Nancy Verhei: Oh. Yes. I like this unit so much. I installed it in my own father’s home in Los Angeles. What I like about it is you can toggle up the volume so that if they’re hard of hearing they could hear the operator, and the operator could hear them.
John Carlstrom: That is correct. You can raise and lower the volume. This unit, specifically, it’s called a POM 3000. It will actually do medication reminders also. Of course, we can get into that in a different video.
Nancy Verhei: What do you find is the most common reasons that people use this? I know there’s medical, but there’s other reasons too why they would use it.
John Carlstrom: Well, for medical reasons. What if you have a heart attack or stroke? Or you’ve fallen or have low blood sugar. You can use it to summons police, if you hear noises outside your home or outside your window, someone’s jiggling your door handle. You can press your pendant, and they will summons the police. If there’s a fire, they will send the fire department to your home also. You’re the boss. The client is the boss. As soon as you press the pendant, the operator on here will do anything that you ask them to do.
Nancy Verhei: Well, that’s great. Do they provide room service?
John Carlstrom: That’s probably the one thing they don’t.
Nancy Verhei: [Laughing]. So, that would be great for women who live alone. Could you use it in domestic violence situations?
John Carlstrom: Absolutely. You know, the greatest thing is as soon as you activate your pendant, the speaker is quite loud. So, if there is an intruder, that will usually scare someone away. Intruders do not like loud noises. Domestic violence situations, someone is coming on, and they’re going to talk to you right away. If you can’t make it to the phone, it’s wonderful. The speaker is very sensitive. So, they’ll hear you pretty much anywhere in your home.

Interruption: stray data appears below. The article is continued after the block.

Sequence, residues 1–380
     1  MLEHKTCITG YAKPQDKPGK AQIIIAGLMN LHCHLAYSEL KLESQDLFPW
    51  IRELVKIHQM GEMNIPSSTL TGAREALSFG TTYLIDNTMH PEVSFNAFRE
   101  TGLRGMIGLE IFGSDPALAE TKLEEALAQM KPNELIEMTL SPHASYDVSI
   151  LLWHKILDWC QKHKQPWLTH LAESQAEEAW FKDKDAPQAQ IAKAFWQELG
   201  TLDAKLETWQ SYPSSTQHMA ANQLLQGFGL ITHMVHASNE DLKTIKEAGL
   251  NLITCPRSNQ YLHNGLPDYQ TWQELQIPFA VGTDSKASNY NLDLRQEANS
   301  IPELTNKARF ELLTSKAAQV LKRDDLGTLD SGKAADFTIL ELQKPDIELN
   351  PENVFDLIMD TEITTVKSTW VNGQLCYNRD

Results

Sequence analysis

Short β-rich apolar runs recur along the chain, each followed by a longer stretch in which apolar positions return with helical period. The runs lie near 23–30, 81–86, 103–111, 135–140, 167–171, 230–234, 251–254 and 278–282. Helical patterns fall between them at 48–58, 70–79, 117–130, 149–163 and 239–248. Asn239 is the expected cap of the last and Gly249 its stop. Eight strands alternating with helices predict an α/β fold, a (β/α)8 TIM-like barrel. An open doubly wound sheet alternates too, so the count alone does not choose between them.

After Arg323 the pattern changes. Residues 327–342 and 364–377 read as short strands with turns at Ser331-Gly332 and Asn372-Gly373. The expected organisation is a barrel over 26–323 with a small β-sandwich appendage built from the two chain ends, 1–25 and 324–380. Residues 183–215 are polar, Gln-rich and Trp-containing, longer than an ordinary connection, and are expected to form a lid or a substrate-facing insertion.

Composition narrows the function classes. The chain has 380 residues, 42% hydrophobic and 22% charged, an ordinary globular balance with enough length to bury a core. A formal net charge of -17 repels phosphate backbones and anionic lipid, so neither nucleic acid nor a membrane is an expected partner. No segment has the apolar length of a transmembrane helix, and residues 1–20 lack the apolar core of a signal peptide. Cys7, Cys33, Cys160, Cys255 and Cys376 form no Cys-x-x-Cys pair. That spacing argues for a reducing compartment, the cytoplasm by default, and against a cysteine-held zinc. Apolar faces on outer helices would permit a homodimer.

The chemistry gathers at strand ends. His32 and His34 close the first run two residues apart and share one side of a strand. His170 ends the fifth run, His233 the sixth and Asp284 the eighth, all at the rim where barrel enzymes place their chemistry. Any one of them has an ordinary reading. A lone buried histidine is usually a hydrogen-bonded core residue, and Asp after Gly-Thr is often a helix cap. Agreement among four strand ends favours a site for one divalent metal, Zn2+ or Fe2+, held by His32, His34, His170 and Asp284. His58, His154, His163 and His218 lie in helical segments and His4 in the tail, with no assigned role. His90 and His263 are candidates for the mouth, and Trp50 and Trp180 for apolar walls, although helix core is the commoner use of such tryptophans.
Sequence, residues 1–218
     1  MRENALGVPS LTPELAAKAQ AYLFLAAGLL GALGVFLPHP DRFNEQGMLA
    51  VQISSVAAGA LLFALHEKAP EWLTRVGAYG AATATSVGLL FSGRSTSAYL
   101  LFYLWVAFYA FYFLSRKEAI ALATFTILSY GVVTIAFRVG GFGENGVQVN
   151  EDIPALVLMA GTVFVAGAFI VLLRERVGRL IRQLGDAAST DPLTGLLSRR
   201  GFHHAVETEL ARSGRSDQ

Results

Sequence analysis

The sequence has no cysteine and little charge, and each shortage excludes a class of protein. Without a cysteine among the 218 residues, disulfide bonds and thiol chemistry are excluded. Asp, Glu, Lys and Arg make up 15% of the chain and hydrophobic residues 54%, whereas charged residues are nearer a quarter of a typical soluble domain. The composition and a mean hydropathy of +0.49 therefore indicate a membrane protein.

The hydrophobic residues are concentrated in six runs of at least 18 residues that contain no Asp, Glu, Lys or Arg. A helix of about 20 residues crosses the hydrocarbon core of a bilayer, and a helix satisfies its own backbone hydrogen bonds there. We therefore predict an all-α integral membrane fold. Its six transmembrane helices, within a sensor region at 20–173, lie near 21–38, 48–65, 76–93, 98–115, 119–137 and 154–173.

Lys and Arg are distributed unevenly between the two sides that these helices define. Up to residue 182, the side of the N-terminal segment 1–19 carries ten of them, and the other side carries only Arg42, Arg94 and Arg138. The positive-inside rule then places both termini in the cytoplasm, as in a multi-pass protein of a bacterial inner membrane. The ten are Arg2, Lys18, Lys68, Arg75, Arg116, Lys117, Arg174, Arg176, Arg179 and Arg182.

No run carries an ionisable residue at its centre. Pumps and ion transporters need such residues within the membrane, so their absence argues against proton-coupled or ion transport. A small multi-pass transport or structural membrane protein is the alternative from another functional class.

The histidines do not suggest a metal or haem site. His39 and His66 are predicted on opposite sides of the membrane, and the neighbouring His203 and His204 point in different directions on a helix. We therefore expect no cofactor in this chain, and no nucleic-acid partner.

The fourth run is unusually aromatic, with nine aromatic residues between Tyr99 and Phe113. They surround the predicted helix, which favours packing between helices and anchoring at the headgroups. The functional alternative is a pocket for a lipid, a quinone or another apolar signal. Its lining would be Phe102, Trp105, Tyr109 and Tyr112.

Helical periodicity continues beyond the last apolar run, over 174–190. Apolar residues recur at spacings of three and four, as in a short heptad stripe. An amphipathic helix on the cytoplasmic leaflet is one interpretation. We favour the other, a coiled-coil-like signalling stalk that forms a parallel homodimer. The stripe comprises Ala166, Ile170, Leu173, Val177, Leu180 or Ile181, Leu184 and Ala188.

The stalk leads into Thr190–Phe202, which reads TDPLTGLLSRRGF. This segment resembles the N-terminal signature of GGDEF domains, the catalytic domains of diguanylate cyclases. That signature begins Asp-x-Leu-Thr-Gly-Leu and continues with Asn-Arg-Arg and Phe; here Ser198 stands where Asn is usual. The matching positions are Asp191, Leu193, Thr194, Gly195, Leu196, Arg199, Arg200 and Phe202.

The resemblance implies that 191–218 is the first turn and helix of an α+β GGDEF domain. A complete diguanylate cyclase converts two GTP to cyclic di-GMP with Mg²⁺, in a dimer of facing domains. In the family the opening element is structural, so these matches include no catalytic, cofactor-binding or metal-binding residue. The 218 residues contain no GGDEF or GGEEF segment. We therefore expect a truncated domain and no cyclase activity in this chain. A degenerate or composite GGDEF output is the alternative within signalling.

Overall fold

Nancy Verhei: Yeah. Is this the unit that if it’s a domestic violence or something that is really scary to the client, that they could record that in the monitoring station for follow-up with the police?
John Carlstrom: You know, actually, it in all of the units that we do carry, it’s all monitored through our monitoring station. Every conversation.
Nancy Verhei: How much does something like this cost? Do they have to buy the equipment? Does insurance cover it?
John Carlstrom: You know, most units cost less than a dollar a day. For a dollar a day, that is a lot.
Nancy Verhei: Pretty cheap insurance.
John Carlstrom: Right. It’s not a lot, compared to your independence at home. Absolutely.
Nancy Verhei: So, this actually acts like a nurse call system that they have in the hospital, but you can have it in your own home.
John Carlstrom: That is correct. It’s a wonderful program. These are wonderful units. I think everyone should have one. They even have them in dorms in colleges that I’ve seen.
Nancy Verhei: Really? For safety purposes. That’s really great. Well, thank you, John. I know we have several more of these videos to make. So, stay tuned for some other exciting information about medical alert systems and why you might want to consider one in your home.